We got 2 good hours of wind before it died. We flopped around for another hour or so then decided to motor the rest of the way to Partida Cove, an ancient volcanic crater. We ducked in between Isla Bellena and the shore which was a nice diversion. The cliffs on entering Partida Cove look like some funky kind of chocolate blamange with burnt sugar icing on top. We got the boat anchored, ate some lunch, tidied up a bit while checking the boat wasn't going to go anywhere then tossed the dinghy in the water and headed out through the gap between the islands of Partida and Espiritu Santo, which is passable only by dinghy, and onto the Eastern side. Once there we turned right motored over huge boulders that had fallen from the cliffs above and explored some sea caves in the cliffs which were truly spectacular. It was mirror calm with no swell so we were able to dinghy into two large caves and went ashore in one.

After exploring we headed back to the boat and decided on the spur of the moment to up anchor and head a bit further up the island to Ensenada Grande, another little bay which we thought (silly us!) would be quieter. We got there and there were already 9 boats anchored with one more arriving later on. Ah well we found a spot to anchor and sat with a rewarding cocktail watching to make sure the anchor wasn't going to drag. Always a favorite pasttime for the first 30mins or so. We knew the anchor had set well but we always go through this routine nevertheless. One day I'm sure it will pay off although I hope never to see the anchor drag.

We then hopped in the dinghy and explored the 2 closest beaches and cliffs. We were amazed to see the varieties of cactus on the cliff faces. We counted 7 different species from the tall cathedral cactus, prickly pear types, to small aloe vera type plants which throw out huge flower spikes about 8feet high. Back to the boat, cooked dinner and promptly fell asleep. Will be back to anchor watches now though and they are calling for a Corumel. Fun fun!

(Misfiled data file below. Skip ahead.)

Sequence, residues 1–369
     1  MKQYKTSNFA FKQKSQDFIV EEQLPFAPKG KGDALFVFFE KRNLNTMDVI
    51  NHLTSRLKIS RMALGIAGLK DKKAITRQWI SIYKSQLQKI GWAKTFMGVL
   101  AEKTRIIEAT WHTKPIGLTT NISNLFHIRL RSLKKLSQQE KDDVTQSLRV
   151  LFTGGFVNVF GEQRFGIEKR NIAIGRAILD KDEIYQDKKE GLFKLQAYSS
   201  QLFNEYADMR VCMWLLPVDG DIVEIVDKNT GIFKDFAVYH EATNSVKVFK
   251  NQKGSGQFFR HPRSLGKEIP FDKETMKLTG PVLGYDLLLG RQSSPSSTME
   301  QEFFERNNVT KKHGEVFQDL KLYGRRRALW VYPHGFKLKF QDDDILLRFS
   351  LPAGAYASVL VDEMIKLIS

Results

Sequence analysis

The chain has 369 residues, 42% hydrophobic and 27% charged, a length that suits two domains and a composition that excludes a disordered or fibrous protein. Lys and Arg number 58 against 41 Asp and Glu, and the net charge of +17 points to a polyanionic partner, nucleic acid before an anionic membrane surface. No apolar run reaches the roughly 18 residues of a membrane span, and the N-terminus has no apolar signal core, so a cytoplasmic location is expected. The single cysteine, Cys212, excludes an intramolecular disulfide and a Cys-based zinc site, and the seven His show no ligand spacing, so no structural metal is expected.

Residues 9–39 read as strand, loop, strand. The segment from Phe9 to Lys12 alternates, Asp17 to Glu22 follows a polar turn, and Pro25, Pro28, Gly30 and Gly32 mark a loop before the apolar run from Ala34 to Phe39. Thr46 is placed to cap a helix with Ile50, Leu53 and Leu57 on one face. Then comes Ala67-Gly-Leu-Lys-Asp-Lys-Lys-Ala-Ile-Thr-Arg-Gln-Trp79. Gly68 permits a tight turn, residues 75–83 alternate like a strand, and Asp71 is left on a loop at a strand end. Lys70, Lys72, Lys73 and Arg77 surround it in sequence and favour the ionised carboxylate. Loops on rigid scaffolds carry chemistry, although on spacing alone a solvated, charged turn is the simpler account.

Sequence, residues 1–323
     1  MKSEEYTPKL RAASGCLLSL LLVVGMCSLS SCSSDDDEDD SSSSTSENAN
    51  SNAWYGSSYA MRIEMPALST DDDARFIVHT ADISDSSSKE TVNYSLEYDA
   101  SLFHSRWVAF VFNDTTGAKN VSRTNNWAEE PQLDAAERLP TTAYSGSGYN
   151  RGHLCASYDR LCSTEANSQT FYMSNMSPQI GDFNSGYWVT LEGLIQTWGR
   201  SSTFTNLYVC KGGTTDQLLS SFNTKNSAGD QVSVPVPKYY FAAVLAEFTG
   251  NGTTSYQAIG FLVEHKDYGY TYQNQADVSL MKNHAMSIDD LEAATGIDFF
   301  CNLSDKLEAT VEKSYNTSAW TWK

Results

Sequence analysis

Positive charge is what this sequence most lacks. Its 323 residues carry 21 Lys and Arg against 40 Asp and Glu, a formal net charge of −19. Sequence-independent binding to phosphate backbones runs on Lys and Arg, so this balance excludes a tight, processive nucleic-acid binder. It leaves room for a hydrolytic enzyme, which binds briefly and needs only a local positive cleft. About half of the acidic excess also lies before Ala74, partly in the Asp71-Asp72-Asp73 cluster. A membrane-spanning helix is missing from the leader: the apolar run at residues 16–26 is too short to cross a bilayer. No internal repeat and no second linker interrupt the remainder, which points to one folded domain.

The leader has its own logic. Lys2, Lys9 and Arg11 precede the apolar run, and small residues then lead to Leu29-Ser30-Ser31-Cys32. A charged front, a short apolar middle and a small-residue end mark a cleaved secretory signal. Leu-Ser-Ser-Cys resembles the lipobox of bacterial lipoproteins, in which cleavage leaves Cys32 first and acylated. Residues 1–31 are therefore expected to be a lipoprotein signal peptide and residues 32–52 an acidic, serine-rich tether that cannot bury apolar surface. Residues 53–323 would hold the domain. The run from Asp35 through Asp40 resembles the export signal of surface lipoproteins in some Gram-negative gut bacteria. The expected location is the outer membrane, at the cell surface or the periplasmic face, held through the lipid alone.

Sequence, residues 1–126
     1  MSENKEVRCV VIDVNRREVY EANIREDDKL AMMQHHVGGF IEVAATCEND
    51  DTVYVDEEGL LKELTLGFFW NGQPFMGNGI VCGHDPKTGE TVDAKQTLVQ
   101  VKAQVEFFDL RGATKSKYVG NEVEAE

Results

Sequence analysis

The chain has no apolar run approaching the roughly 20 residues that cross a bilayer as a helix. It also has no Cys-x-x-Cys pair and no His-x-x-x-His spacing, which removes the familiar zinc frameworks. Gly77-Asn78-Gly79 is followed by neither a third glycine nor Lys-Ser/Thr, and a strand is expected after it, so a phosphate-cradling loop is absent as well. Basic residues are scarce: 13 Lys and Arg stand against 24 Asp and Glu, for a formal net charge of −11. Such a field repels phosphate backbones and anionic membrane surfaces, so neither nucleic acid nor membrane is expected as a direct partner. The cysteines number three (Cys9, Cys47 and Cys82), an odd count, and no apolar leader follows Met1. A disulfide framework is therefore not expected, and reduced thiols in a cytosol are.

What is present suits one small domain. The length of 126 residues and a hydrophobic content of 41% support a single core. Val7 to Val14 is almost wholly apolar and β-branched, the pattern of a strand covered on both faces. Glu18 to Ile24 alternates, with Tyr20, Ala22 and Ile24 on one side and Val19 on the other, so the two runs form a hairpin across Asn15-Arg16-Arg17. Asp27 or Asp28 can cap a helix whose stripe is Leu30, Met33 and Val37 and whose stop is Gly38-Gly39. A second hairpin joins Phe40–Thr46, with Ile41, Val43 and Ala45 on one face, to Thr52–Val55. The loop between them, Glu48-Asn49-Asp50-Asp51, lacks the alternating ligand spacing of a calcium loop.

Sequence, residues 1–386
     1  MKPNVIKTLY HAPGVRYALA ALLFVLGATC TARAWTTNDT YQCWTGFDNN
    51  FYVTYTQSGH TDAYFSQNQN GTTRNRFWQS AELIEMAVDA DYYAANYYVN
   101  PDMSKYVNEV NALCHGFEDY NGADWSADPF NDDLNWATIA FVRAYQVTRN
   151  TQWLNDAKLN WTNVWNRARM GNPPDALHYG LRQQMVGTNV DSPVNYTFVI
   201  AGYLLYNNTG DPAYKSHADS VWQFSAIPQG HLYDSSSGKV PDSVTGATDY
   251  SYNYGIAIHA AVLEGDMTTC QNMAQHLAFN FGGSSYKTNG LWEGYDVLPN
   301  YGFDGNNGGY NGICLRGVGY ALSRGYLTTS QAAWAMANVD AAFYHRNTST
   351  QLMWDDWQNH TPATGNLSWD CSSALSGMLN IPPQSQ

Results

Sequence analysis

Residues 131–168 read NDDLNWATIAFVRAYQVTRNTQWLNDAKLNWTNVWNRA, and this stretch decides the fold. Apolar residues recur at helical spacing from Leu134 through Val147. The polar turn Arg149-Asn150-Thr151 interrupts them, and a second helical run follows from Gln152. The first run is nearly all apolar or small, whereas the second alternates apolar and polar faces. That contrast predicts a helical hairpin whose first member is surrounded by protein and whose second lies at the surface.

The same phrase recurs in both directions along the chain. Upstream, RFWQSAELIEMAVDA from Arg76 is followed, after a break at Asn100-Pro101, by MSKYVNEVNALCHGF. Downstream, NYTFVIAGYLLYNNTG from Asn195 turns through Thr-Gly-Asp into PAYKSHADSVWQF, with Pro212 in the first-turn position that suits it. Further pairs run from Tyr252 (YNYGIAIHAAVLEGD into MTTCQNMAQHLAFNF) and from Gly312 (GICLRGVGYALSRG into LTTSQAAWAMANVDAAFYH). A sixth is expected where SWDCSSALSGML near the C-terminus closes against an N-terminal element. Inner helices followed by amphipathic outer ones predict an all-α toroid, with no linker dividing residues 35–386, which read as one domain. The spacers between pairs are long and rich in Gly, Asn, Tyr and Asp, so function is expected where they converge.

isla san francisco - the hook, mexico

Wednesday May 9, 2007

Corumel kicked in around 11:30 last night but it wasn't too bad. It gusted to about 25knots at times but the anchor was set well and we didn't budge all night. The wind was from the best direction as expected, from over the nearest cliff. Not that either of us got much sleep (the usual story the first night out after being traumatised into insensitivity in a marina, but we didn't feel threatened at all.

We upanchored at 6:45am and headed for Isla San Francisco. There is a hooked shaped cove for an anchorage, and a beautiful white sandy beach. Alas again there were 9 boats already at anchor, and although the cove could take probably up to 20 comfortably we were hoping to get away from the boating crowd for a bit. We had a beautiful morning's sail. Took just 3 hours to cover the 17.6NM distance, the South-Westerly Corumel holding long enough for us to arrive at the anchorage.

We caught a Mexican Bonito on the way across (actually 3 but we threw 2 back) and Michelle cooked some Sushi rice, got out the seaweed sheets, wasabi and sesami seeds and made sushi, her first attempt and it was pretty damn tasty (A Mondayth later after catching no more fish on lures over the stern we are wondering why we threw 2 back).

After lunch we headed ashore and found that Southern Bell had anchored while we had been dowm below. We thought they'd have been further up the Sea by now so were pleasantly surprised. George and us climbed the hill to the top and tried to take some decent photos of the area. It was a magnificient view with the stratified mountains of the Baja mainland as backdrop, the turquoise waters of the cove and the dark shape in the water being thousands of fish, all desperately trying not to be dinner for the couple of hundred pelicans and seagulls gorging themselves. Every 15 minutes or so an edge of the School would get too close to the surface and the wheeling pelicans would drop at the rate of 2 or 3 a second.